Keen-eyed companion in the galleries
Ward, who was Time Out London’s Art Critic, and is Head of Content at the Lisson Gallery, is absolutely passionate about Contemporary Art, and is keen, clear and generous in sharing his passion and knowledge in ways that help the interested but possibly intimidated and don’t know where to start layperson.
Starting with the idea of approaching each artwork as a tabula rasa, from the viewer’s perspective, he suggests 6 ways of coming into relationship with a piece – taking Time; staying with the Associations which arise (which of course can only happen if you give a piece time); looking at the Background the artist comes from – country, culture, influences; coming to Understand the message, intention of the piece; Look again; and finally, at this point, Assess.
I really like the way Ward’s writing helps the viewer into a kind of relationship with a piece of art, and into self-as-well-as-artwork reflection.
Having set out his suggested protocols, he then breaks down Contemporary Art into seven majors categories, and walks the reader through several examples of each type, and often includes a couple of pieces of work by each artist, in order to underscore a back-story and background for that artist. He finishes each chapter by taking a couple of works within the category as an example under the spotlight of close scrutiny.
The chapters/categories are, Art as : Entertainment; Confrontation; Event (Performance Art); Message; Joke ; Spectacle; Meditation
Something ‘clicked’ for me in the description of one particular work in the Event section, and the photograph illustrating it.
Marina Abramović is a Serbian performance artist, many of whose works have involved her publicly harming and mutilating herself in some way, and also offering the audience the choice to approach her in whatever way they wanted to relate to her Yes, her Background, and her country’s history of course gives a certain context – are we shocked, yes, did we become immured and deadened to the complex violence showing on our TV screens from that region, yes.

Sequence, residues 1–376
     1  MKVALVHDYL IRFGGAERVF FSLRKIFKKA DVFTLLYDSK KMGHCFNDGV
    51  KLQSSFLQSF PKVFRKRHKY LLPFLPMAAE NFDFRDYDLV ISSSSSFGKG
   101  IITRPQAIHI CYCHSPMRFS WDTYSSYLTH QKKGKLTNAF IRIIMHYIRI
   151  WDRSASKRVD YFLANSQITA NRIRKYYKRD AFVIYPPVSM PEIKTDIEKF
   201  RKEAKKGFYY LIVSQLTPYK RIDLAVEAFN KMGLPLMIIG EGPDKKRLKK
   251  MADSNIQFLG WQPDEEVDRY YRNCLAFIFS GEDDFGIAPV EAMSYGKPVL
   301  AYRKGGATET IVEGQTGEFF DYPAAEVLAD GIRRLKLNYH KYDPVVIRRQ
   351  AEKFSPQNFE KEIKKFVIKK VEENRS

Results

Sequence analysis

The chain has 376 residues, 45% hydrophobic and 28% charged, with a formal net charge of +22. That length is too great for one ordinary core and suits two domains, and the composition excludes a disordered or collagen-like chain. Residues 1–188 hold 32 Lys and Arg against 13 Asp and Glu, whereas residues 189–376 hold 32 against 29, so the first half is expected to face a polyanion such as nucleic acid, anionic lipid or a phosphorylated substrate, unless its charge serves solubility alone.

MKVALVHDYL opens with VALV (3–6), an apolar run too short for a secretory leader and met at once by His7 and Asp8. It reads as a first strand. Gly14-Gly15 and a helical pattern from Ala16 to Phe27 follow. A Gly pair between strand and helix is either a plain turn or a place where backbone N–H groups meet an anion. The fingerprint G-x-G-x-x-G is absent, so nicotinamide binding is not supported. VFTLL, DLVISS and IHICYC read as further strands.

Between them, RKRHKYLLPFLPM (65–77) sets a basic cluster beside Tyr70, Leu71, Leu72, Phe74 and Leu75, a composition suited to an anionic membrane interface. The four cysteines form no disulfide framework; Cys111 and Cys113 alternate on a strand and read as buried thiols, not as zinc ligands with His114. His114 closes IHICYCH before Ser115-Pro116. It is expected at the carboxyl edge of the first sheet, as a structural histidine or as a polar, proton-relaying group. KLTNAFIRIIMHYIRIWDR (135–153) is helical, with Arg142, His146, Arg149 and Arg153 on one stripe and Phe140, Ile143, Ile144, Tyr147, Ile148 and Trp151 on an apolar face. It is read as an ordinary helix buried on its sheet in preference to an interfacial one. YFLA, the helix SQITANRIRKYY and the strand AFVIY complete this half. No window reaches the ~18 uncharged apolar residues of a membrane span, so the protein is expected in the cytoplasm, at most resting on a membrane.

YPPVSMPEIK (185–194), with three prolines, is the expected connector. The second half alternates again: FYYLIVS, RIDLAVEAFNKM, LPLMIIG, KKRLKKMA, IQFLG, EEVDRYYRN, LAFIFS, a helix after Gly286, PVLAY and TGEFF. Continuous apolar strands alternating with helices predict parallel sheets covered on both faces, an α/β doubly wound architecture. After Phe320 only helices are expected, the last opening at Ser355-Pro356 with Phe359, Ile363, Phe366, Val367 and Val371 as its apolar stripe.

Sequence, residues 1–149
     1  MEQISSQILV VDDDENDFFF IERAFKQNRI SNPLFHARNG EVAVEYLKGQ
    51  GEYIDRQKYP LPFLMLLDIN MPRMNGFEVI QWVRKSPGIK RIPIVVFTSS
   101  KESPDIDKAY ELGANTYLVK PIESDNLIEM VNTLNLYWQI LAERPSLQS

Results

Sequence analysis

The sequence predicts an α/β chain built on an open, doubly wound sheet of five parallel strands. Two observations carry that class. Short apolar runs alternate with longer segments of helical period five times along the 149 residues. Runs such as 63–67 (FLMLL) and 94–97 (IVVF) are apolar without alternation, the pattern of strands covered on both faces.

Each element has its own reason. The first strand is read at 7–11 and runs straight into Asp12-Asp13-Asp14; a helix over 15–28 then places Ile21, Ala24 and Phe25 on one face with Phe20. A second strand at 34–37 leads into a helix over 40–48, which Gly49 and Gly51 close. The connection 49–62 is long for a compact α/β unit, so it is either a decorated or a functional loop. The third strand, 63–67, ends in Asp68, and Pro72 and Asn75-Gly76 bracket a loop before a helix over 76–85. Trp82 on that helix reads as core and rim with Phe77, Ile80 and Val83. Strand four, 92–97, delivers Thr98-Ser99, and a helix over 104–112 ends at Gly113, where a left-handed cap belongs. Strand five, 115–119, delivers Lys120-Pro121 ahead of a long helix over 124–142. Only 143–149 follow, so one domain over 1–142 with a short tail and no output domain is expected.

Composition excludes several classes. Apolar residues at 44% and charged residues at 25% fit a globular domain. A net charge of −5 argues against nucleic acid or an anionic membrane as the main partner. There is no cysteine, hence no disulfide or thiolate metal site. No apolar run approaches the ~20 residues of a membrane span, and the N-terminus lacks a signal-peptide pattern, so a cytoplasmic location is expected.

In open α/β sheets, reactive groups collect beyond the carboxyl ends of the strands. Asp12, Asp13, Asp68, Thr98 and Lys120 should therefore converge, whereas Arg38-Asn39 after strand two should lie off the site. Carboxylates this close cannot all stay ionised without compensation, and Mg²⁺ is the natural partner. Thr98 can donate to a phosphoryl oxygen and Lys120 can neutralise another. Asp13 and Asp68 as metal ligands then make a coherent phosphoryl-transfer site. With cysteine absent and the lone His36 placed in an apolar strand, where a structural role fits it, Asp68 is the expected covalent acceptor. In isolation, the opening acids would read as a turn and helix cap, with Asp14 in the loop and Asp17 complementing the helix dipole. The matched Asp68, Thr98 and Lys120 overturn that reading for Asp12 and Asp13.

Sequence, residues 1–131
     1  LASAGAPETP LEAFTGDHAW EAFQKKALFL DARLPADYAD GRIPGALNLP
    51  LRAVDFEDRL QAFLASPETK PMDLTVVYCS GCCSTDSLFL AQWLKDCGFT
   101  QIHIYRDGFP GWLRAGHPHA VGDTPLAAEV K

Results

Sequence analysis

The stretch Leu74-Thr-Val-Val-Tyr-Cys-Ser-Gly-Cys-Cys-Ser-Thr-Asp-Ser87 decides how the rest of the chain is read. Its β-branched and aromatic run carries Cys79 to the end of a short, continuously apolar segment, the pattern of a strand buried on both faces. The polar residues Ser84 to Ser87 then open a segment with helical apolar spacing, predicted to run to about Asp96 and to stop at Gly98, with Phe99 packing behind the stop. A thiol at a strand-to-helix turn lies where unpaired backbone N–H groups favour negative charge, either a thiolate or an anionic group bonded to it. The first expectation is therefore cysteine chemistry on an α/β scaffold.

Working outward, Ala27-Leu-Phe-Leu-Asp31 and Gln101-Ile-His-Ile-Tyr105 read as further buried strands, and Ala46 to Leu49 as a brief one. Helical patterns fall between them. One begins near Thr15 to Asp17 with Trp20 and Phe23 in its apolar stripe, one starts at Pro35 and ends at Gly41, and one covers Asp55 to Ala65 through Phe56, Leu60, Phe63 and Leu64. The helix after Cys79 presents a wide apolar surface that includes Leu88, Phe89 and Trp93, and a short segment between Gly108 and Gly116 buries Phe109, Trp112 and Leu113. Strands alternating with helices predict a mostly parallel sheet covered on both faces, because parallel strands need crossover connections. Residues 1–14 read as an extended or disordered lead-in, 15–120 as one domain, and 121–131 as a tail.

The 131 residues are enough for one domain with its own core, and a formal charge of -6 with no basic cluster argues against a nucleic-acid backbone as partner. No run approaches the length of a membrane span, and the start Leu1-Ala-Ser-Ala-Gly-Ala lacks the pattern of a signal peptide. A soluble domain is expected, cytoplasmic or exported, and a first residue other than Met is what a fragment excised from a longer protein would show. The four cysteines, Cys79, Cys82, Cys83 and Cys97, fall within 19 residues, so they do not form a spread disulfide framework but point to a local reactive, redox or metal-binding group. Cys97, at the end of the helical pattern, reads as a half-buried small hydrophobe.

In a retrospective of her 40 year career at New York’s MOMA, she staged a piece which ran for 3 months, where daily, for 7 hours, she sat, without moving, in a chair facing a table, with an empty chair the other side of her. Event visitors were free/invited to take the chair opposite her. Other observers watched the two watching each other. The photo shows Abramović in a long red robe, like some high priestess. She sits erect, as though hewn from stone. The deep flowing red gown – red for passion, blood, potency – but whose blood – is Abramović the one who sheds the blood, or is she the one who is wounded. Inevitably the table and the chairs’ positioning, and the seated pair (an audience member has taken the chair) this looks like some sort of confessional – but, again, who is (silently) confessing, who is hearing, what is being heard. The intense, neutral presence of Abramović becomes like a therapist holding a space which allows the other to bring themselves into presence – and, by all accounts there have been some extreme reactions from those who ‘took the other chair’. There is something, when two people settle into deeply looking at the other, that is a very naked place, where masks fall away, and everything may be mirrored
That particular image has had powerful resonances for me, and it feels as if working slowly through Ward’s lavishly illustrated text is making me see, look, in a changed way. Which after all is what art, ancient and modern, seeks to do
I was lucky enough to receive this as a review copy from Amazon Vine UK
And, not directly connected with this book, but tangential, is a blog I have been assiduously following since its inception Painters On Painting, About page. The ethos is that different painters talk about artworks which inspired them, and also show a piece of their own work, influenced by the original. I wait impatiently for all posts to appear in my Reader, and have found the site quite thrilling!